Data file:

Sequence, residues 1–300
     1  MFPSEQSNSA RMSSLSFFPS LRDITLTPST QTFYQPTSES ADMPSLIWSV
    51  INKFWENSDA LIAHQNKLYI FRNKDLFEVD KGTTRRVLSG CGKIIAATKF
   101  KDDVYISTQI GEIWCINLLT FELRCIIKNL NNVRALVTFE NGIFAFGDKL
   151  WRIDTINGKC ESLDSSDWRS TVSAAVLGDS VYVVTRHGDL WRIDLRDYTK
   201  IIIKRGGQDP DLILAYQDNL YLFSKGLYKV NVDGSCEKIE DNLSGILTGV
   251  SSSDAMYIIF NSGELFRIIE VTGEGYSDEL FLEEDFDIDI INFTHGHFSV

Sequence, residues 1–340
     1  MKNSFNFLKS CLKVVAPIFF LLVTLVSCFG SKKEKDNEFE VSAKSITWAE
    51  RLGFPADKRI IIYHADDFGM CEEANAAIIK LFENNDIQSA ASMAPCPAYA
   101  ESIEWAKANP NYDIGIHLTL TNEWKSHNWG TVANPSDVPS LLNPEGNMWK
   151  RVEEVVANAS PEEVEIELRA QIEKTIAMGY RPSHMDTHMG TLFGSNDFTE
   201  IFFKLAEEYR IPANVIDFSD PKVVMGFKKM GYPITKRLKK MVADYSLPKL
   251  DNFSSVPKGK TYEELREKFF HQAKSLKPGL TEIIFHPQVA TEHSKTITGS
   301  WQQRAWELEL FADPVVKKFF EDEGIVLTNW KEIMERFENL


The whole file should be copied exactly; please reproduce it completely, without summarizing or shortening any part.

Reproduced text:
Sequence, residues 1–300
     1  MFPSEQSNSA RMSSLSFFPS LRDITLTPST QTFYQPTSES ADMPSLIWSV
    51  INKFWENSDA LIAHQNKLYI FRNKDLFEVD KGTTRRVLSG CGKIIAATKF
   101  KDDVYISTQI GEIWCINLLT FELRCIIKNL NNVRALVTFE NGIFAFGDKL
   151  WRIDTINGKC ESLDSSDWRS TVSAAVLGDS VYVVTRHGDL WRIDLRDYTK
   201  IIIKRGGQDP DLILAYQDNL YLFSKGLYKV NVDGSCEKIE DNLSGILTGV
   251  SSSDAMYIIF NSGELFRIIE VTGEGYSDEL FLEEDFDIDI INFTHGHFSV

Sequence, residues 1–340
     1  MKNSFNFLKS CLKVVAPIFF LLVTLVSCFG SKKEKDNEFE VSAKSITWAE
    51  RLGFPADKRI IIYHADDFGM CEEANAAIIK LFENNDIQSA ASMAPCPAYA
   101  ESIEWAKANP NYDIGIHLTL TNEWKSHNWG TVANPSDVPS LLNPEGNMWK
   151  RVEEVVANAS PEEVEIELRA QIEKTIAMGY RPSHMDTHMG TLFGSNDFTE
   201  IFFKLAEEYR IPANVIDFSD PKVVMGFKKM GYPITKRLKK MVADYSLPKL
   251  DNFSSVPKGK TYEELREKFF HQAKSLKPGL TEIIFHPQVA TEHSKTITGS
   301  WQQRAWELEL FADPVVKKFF EDEGIVLTNW KEIMERFENL